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Aug 08

Olympic Golf: Rio in 2016

 

Olympic Golf – a Game?


At least in my family, the debate continues as to whether golf is a sport or a game. The verdict tends to swing towards “game.” Well, for the 2016 Olympics in Rio
de Janeiro, that’s just fine, because they’re called the “Olympic Games.” In that year, we will be reintroduced to “Olympic Golf,” an aspect of the games that has been missing since 1900 and 1904, when they were included in the Paris and St. Louis Olympics. That’s the era of my great grandparents, and my first mental image was an attempt to imagine what the equipment and attire must have looked like.

Twenty two golfers participated in the 1900 games, ten women and twelve men. France sent nine golfers, with one from Greece. Between the two games, American Charles Sands and Canadian George Lyons made off with the gold. In the second go-round, the U.S. women did very well, with Margaret Ives Abbott, Pauline Whittier and Doria Pratt taking the medals. Seventy seven golfers competed in the 1904 games, and Canada’s gold medal performance was all the more impressive, as only three golfers were present from that country, as opposed to seventy four Americans.

Golf was not considered again until 1996. The Olympic Committee dropped the idea, believing that there wouldn’t be enough interest from touring players. That seems not to be the case today. Many, including Tiger (if he hasn’t decided to retire by then at the age of forty), have expressed great interest. Lorena Ochoa would like to come back, and many of the leading women feel the same. Many of today’s prodigies will be in their prime by then, although some, such as Nick Price, have expressed a preference for true amateur golf – old school.

Others take exception to the intended format in Rio, which is based on the standard 72 hole tournament structure. Some feel that the spectator who is not an addicted golf watcher might have trouble with four days of stroke golf, instead of the head-to-head competition and elimination that match play provides, such as in the Ryder Cup and Presidents Cup. One difference between the Games and Sunday is that there will be no cut.

Separate tournaments for men and women are planned, with sixty participants in each. The top fifteen players in the world will receive automatic invitations, with two more per country, unless they are too-well represented in that top 15. The rest will be decided through the IGF rankings. All medals will be individual in nature, with no team awards.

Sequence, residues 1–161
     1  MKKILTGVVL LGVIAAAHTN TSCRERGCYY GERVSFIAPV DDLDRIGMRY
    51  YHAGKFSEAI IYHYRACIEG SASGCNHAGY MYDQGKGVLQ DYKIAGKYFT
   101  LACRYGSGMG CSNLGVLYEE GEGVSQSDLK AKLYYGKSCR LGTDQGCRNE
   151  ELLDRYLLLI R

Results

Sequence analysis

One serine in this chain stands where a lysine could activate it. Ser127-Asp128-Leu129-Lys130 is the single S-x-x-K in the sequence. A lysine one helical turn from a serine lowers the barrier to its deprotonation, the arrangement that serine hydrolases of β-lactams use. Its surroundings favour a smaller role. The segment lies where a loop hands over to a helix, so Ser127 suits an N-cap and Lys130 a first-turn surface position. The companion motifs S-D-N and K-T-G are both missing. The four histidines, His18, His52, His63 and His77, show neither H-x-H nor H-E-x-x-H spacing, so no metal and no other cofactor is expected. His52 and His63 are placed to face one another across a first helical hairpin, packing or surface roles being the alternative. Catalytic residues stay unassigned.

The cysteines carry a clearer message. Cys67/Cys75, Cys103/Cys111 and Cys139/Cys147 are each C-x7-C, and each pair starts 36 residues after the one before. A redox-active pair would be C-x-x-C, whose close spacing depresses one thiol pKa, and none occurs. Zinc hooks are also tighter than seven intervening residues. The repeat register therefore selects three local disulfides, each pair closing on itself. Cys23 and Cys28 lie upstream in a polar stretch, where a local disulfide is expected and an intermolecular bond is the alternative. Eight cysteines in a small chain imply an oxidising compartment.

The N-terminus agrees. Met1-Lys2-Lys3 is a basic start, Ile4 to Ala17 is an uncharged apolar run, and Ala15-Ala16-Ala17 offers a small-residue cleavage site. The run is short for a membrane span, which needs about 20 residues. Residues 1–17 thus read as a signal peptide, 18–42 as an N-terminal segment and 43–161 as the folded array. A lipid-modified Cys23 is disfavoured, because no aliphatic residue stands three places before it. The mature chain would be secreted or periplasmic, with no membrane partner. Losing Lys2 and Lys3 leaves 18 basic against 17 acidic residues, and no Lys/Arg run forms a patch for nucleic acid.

The Golf Channel is already very excited about Olympic Golf for 2016, and will broadcast full minute, 30’ and 15’ spots over the coming seasons, starting now in London. They will even cover construction of the course, which has not yet begun. Gil Hansen has been tapped for the design, and will receive ongoing input from Amy Alcott. The proposed name is the Rio 2016 Golf Club. Asked if there might be a chance for change of format, Ty Votaw suggested that the tour might be open to it in post-2016 play, but it is felt now that there might not be enough time for elimination match play.

The Olympic Games, as an institution, is both a global competition and celebration. Golf is, of course, a global game. Being reconsidered for inclusion in long past due, and it has been suggested that with a temporary fading of new golfers, perhaps in part, due to Tiger’s recent troubles, it’s a good shot in the arm. A gold medal should look good in the trophy case, and the tours are ready to join in.

 

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About the author

G.F. Skipworth

has spent every available moment playing golf or studying the greats since the 60s, in between world tours as a classical musician, Harvard studies in Government or as the author of a dozen novels. Nicklaus and Snead may be the statistical greats, but Skipworth is a life-long devotee of Gary Player, and considers meeting the South African at the Jeld-Wen to be an unforgettable milestone. His driving passion in golf these days is to raise viewer interest in the LPGA.